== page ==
Because an increasing number of patients have medical conditions that render them incompetent at making their own medical choices, more and more medical choices are now made by surrogates, often patient family members. However, many studies indicate that surrogates often do not discharge their responsibilities adequately, and in particular, do not choose in accordance with what those patients would have chosen for themselves, especially when it comes to end-of-life medical choices. This chapter argues that a significant part of the explanation of such surrogate failure is that family surrogates are likely to undergo anticipatory grief when making end-of-life decisions. After clarifying both the emotional structure and object of grief, I propose that the pending death of a loved one induces an emotional conflict in surrogates between the care demanded by their responsibilities as surrogates and the attachment surrogates feel toward their dying loved one, a conflict surrogates “resolve” in the direction of attachment rather than care. This hypothesis helps to explain both surrogates’ general inability to exercise “substituted judgment” on behalf of their loved ones and a wide swath of the particular data regarding this inability (e.g., that surrogates more often err by choosing overtreatment). I conclude by considering possible clinical and philosophical responses to this hypothesis.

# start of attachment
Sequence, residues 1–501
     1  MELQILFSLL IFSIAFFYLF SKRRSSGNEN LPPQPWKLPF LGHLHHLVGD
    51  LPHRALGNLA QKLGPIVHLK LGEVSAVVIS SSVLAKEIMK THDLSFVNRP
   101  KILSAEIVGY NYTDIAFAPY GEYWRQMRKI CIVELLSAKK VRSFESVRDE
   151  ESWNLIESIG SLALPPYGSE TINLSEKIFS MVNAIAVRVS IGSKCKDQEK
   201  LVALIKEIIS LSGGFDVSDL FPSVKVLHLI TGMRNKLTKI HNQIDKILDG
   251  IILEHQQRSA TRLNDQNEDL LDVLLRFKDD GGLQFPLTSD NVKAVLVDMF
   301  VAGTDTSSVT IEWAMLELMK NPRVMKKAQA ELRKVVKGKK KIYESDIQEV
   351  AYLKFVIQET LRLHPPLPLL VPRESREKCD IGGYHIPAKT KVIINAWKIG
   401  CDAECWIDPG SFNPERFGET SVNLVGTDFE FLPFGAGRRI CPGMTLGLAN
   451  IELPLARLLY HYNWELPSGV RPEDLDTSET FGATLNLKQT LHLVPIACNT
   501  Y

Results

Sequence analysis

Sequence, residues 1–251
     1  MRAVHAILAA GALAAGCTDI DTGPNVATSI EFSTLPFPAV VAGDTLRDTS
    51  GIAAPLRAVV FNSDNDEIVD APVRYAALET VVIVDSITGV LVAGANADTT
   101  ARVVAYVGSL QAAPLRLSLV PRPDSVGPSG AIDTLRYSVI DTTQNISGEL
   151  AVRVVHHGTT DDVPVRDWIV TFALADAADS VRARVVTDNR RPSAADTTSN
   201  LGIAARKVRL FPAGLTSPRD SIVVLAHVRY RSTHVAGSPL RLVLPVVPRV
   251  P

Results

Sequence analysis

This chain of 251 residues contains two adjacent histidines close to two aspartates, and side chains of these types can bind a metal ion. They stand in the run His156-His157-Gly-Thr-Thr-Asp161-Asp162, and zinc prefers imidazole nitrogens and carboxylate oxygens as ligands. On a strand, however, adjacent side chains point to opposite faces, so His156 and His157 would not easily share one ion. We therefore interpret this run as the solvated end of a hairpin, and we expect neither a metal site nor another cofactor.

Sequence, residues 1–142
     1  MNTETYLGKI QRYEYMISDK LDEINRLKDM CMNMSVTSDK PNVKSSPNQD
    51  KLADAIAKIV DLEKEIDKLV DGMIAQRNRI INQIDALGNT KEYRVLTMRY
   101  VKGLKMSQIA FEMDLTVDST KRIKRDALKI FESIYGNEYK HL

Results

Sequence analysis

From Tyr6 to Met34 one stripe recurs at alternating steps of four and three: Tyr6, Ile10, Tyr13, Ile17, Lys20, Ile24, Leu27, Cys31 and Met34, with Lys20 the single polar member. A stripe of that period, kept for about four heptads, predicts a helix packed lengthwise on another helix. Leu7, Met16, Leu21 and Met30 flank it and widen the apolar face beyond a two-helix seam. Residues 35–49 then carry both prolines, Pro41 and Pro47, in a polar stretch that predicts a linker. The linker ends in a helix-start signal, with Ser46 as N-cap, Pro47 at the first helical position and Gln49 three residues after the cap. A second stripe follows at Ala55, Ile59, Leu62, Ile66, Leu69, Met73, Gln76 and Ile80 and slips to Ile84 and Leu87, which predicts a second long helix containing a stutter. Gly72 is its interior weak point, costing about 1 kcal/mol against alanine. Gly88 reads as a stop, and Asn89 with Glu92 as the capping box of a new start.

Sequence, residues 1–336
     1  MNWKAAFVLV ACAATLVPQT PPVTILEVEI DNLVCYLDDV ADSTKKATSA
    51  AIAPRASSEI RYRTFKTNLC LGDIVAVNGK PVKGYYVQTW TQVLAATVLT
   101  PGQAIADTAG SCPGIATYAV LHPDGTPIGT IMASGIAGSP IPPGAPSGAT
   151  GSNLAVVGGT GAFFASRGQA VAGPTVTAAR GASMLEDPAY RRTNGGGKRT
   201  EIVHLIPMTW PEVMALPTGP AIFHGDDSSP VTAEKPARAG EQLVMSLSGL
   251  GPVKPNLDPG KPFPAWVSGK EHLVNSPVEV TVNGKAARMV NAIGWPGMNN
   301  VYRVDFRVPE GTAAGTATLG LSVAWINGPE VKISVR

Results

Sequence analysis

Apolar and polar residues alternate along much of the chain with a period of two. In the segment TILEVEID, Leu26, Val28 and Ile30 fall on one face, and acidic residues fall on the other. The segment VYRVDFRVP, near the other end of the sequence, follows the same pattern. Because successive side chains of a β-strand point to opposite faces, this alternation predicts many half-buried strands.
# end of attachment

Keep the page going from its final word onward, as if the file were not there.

|Title of host publication||Ethics at the End of Life|
|Subtitle of host publication||New Issues and Arguments|
|Editors||John K. Davis|
|Publisher||Routledge Taylor & Francis Group|
|Number of pages||17|
|Publication status||Published - 2016|